Friday, March 21, 2008

Station 5

Pilate sentences Jesus

Mark 15:6-15

Now it was the custom at the Feast to release a prisoner whom the people requested. A man called Barabbas was in prison with the insurrectionists who had committed murder in the uprising. The crowd came up and asked Pilate to do for them what he usually did. “Do you want me to release to you the king of the Jews?” asked Pilate, knowing it was out of envy that the chief priests had handed Jesus over to him. But the chief priests stirred up the crowd to have Pilate release Barabbas instead. “What shall I do, then, with the one you call the king of the Jews?” Pilate asked them. “Crucify him!” they shouted. “Why? What crime has he committed?” asked Pilate. But they shouted all the louder, “Crucify him!” Wanting to satisfy the crowd, Pilate released Barabbas to them. He had Jesus flogged, and handed him over to be crucified.


Looking in retrospect close to 2000 years later, it is easy to judge the crowd, to distance ourselves from them. We know we wouldn’t have been one of them. We would never have betrayed Jesus. We would have known who he was. We would have been faithful.

After all we praised him as he entered the gates of Jerusalem. We cried, “Hosanna! Blessed is the son of David. Hosanna! Blessed is the one who comes in the name of the Lord. Hosanna! Hosanna in the highest.”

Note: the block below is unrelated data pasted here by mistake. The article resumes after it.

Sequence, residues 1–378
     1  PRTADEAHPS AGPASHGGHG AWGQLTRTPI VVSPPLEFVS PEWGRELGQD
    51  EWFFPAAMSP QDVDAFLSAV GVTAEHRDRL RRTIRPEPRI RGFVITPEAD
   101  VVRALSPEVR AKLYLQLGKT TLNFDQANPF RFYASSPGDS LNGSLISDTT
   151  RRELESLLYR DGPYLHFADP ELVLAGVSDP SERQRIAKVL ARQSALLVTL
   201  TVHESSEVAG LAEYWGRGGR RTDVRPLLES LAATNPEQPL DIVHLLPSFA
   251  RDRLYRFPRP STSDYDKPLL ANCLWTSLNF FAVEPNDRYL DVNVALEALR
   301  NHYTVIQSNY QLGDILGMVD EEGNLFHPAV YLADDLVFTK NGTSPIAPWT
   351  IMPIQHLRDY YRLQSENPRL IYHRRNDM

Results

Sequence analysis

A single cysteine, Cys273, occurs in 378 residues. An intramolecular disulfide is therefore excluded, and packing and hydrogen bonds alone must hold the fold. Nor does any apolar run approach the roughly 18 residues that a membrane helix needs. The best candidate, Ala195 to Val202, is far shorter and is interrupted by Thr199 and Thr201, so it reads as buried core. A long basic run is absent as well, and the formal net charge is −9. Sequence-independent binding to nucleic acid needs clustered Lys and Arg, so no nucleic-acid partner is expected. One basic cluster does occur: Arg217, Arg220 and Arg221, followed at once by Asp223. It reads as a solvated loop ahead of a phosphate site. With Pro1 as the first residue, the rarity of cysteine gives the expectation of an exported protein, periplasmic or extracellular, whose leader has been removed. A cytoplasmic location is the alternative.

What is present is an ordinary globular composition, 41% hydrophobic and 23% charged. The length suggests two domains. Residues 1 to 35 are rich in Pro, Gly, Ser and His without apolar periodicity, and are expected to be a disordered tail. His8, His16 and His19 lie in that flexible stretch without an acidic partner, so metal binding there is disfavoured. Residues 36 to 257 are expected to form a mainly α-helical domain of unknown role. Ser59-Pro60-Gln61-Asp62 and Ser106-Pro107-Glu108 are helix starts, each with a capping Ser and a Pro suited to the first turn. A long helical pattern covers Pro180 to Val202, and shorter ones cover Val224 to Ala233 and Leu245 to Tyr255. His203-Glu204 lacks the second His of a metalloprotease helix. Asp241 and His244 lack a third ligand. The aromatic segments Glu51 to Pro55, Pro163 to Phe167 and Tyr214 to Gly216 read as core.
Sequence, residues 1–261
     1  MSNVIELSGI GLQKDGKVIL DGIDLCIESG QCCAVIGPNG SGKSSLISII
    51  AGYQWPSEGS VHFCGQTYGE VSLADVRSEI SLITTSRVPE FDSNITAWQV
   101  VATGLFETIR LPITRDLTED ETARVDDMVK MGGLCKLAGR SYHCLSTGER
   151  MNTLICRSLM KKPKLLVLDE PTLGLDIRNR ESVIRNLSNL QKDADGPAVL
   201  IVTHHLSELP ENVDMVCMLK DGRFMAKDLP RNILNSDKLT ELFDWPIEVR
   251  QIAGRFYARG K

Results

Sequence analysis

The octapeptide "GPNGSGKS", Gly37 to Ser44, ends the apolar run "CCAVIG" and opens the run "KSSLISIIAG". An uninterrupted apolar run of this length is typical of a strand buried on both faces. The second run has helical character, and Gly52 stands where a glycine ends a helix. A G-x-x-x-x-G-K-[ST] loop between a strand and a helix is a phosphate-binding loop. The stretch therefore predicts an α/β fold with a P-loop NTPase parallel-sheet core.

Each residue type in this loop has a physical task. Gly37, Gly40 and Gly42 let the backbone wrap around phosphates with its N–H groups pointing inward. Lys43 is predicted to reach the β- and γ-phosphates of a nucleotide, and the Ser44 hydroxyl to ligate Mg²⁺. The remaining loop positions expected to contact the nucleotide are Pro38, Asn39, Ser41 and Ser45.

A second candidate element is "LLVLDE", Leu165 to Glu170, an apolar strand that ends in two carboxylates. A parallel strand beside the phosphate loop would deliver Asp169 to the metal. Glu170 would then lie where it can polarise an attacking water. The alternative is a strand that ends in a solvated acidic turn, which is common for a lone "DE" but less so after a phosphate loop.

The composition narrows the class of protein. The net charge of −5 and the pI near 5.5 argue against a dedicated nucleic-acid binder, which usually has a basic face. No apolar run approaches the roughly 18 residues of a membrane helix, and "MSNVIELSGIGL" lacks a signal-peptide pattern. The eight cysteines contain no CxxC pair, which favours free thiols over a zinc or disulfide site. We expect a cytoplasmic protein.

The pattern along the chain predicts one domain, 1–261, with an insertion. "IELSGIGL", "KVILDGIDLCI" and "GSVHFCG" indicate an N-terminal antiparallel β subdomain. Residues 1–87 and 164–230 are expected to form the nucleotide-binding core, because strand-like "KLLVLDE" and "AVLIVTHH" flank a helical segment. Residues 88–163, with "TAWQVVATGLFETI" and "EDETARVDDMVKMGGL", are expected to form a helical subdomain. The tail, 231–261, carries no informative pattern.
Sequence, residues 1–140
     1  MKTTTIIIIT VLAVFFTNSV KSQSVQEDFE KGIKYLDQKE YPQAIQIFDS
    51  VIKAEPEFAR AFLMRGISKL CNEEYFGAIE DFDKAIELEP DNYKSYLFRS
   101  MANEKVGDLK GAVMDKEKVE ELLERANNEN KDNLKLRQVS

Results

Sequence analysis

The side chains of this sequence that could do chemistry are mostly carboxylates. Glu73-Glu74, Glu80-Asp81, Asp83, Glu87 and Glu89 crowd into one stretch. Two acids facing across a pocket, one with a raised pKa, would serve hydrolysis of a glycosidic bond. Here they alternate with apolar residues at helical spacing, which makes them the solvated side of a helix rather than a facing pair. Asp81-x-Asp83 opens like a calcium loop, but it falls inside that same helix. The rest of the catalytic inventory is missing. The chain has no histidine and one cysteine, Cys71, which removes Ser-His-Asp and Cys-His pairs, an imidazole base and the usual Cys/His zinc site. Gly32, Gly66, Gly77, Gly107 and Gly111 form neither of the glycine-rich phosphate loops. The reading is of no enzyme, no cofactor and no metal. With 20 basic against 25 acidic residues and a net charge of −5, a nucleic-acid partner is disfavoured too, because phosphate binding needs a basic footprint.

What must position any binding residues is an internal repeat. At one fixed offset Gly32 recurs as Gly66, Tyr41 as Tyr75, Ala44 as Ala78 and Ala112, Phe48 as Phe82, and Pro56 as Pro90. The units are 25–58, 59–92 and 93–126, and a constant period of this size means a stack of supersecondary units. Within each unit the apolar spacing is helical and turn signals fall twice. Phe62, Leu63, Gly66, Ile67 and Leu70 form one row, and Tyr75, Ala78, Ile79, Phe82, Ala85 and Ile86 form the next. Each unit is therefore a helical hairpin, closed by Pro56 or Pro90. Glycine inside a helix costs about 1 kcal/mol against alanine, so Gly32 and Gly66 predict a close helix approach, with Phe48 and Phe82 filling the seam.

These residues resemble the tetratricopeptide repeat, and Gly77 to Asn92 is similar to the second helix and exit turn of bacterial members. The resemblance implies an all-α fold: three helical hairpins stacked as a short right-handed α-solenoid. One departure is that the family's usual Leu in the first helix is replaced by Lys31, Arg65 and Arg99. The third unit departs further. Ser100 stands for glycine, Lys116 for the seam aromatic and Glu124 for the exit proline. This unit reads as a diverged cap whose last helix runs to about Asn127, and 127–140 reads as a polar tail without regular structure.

We’re on his side and are not easily persuaded.

It’s easy to think that anyway.

Remember, the crowds in Jerusalem who shouted “Crucify him!” were also those who shouted “Hosanna!”

People are people no matter the century. We easily get caught up in the passion of the moment setting aside our true values and beliefs.

Not convinced?

As Christians we aim to be compassionate, understanding, gracious, just, and merciful.


Have you ever been so angered by someone who cut you off that you swore at him/her or returned the act in kind?

Have you cut all ties with a family member over a dispute that happened years ago?

Have you refused to forgive?

When you see a person begging in the street, do you always lend a helping hand, or have you, on occasion, looked away?

The currents of culture and passions of people can be tempting, seductive, and strong.

The angry crowds who shout “Crucify Him!” are not just those people at that time. They are us. We are them.

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